Finally the coop was finished "enough" for the chickens to live in it! This is their first time inside. The nesting boxes weren't finished yet so were boarded off.
The coop stood in a state of "close to done but not completely" for months all Summer as the chickens grew to fine young hens. We were pretty burnt out by the end of it; the coop ended up costing a lot more than we thought in both money and energy. But finally, after a few weekends of "we should REALLY finish the coop before Winter...", we finally finished it and I was able to get more pictures of the entire finished coop! So here it is in its current glory.
View of the coop and run from the direction of the house.
Side of the run and coop. This side shows the nesting boxes, which are also tarred and covered in the same material as the roof.
Closeup of the Nesting Boxes and window above that can open/close. Also note ventilation holes above that are always open, as well as the vent on the roof. All windows and ventilation holes are also covered with 1/2" hardware cloth. There's a hook and eye for the window to keep it open most of the year. We've since added locks to the windows that bolt them closed for the Winter.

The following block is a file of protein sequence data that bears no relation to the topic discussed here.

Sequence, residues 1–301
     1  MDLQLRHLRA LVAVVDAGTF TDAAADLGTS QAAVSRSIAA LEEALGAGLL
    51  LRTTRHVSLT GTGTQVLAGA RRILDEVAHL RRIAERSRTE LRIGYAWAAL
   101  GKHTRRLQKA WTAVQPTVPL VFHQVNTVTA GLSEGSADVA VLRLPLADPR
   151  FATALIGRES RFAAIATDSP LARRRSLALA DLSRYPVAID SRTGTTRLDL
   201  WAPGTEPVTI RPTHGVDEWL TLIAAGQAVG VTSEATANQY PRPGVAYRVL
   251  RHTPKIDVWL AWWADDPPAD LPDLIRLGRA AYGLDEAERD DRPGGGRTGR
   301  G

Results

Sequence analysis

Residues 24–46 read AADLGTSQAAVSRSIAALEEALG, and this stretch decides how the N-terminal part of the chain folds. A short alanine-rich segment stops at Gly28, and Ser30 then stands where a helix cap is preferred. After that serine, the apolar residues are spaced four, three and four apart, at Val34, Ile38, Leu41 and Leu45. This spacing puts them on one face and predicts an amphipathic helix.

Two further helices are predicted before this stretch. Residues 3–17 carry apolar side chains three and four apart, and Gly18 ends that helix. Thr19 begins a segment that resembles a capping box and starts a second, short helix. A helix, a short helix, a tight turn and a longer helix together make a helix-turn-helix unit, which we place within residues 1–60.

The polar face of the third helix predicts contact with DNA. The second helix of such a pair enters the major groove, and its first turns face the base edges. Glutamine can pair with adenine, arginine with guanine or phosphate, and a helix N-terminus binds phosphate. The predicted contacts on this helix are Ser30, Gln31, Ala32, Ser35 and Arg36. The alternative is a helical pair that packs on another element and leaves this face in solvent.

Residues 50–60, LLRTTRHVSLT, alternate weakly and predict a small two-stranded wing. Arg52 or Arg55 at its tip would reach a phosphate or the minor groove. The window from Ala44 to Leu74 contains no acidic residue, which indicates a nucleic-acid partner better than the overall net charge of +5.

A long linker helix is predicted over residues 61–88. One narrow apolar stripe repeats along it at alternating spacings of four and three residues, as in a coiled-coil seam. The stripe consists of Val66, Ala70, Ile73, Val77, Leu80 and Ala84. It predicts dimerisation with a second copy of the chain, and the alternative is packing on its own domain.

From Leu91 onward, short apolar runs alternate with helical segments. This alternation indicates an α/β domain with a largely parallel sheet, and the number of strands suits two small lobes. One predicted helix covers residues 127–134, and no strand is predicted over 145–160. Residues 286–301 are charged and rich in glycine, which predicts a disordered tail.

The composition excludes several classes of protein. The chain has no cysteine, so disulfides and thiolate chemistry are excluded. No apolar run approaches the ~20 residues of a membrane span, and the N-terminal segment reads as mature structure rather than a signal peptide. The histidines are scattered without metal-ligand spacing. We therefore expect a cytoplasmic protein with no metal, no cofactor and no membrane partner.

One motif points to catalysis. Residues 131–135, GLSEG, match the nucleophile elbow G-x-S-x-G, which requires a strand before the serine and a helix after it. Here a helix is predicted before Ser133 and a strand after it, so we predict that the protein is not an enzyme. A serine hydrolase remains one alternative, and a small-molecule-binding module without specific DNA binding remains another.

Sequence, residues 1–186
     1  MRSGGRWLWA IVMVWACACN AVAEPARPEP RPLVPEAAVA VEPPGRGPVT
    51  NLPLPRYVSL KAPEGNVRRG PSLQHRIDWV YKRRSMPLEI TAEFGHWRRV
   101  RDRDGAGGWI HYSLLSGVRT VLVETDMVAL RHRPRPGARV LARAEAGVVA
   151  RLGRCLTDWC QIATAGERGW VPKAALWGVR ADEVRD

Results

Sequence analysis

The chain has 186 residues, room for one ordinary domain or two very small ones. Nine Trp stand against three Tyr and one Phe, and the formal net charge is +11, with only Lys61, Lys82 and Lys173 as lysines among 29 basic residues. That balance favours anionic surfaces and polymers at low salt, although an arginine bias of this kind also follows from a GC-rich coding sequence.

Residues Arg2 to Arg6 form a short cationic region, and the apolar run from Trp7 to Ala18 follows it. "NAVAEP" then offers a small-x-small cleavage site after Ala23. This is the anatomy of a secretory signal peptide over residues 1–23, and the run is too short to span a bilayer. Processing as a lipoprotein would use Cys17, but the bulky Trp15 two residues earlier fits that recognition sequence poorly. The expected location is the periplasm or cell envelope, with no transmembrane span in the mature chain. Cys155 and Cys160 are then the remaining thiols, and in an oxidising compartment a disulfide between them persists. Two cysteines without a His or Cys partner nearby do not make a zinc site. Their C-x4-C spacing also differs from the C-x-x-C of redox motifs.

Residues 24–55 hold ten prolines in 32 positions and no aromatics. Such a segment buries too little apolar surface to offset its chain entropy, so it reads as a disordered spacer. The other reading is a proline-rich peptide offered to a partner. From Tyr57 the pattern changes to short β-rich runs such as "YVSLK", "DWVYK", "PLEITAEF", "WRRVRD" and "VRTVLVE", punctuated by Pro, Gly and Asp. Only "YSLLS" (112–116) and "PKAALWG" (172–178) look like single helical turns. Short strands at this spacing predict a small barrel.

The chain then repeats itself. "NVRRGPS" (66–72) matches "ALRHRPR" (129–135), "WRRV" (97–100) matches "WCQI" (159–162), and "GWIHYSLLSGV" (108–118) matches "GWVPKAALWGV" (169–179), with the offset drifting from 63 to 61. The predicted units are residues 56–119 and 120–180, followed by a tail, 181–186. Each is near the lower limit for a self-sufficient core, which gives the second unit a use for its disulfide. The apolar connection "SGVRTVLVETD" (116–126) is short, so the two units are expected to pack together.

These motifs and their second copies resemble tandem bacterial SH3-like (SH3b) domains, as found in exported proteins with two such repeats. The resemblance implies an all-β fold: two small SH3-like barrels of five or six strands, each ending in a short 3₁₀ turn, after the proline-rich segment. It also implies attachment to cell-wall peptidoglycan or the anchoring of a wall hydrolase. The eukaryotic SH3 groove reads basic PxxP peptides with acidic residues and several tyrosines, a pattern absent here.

Opening the top of the nesting boxes, easy access to eggs inside. All doors including the nesting box top have latches and are 'locked' with carabiners so no animal can get inside.
Backside of the coop facing the fence. Large access door for cleaning, this is really a must!
Large access door open to see inside. Door is used for cleaning and any other inside maintenace since it's large enough for a person to easily get inside.